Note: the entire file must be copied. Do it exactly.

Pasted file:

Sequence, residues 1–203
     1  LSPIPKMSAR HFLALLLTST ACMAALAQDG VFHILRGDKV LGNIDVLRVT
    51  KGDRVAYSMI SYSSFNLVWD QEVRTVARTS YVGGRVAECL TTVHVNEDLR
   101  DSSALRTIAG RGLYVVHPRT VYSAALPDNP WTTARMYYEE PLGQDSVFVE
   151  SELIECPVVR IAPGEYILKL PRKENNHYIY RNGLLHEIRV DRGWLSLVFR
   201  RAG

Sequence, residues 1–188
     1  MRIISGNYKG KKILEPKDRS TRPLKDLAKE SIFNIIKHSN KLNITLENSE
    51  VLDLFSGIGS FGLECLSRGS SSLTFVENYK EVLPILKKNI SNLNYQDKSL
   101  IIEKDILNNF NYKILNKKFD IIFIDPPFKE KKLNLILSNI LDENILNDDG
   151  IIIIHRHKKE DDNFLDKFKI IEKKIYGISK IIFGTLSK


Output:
Sequence, residues 1–203
     1  LSPIPKMSAR HFLALLLTST ACMAALAQDG VFHILRGDKV LGNIDVLRVT
    51  KGDRVAYSMI SYSSFNLVWD QEVRTVARTS YVGGRVAECL TTVHVNEDLR
   101  DSSALRTIAG RGLYVVHPRT VYSAALPDNP WTTARMYYEE PLGQDSVFVE
   151  SELIECPVVR IAPGEYILKL PRKENNHYIY RNGLLHEIRV DRGWLSLVFR
   201  RAG

Sequence, residues 1–188
     1  MRIISGNYKG KKILEPKDRS TRPLKDLAKE SIFNIIKHSN KLNITLENSE
    51  VLDLFSGIGS FGLECLSRGS SSLTFVENYK EVLPILKKNI SNLNYQDKSL
   101  IIEKDILNNF NYKILNKKFD IIFIDPPFKE KKLNLILSNI LDENILNDDG
   151  IIIIHRHKKE DDNFLDKFKI IEKKIYGISK IIFGTLSK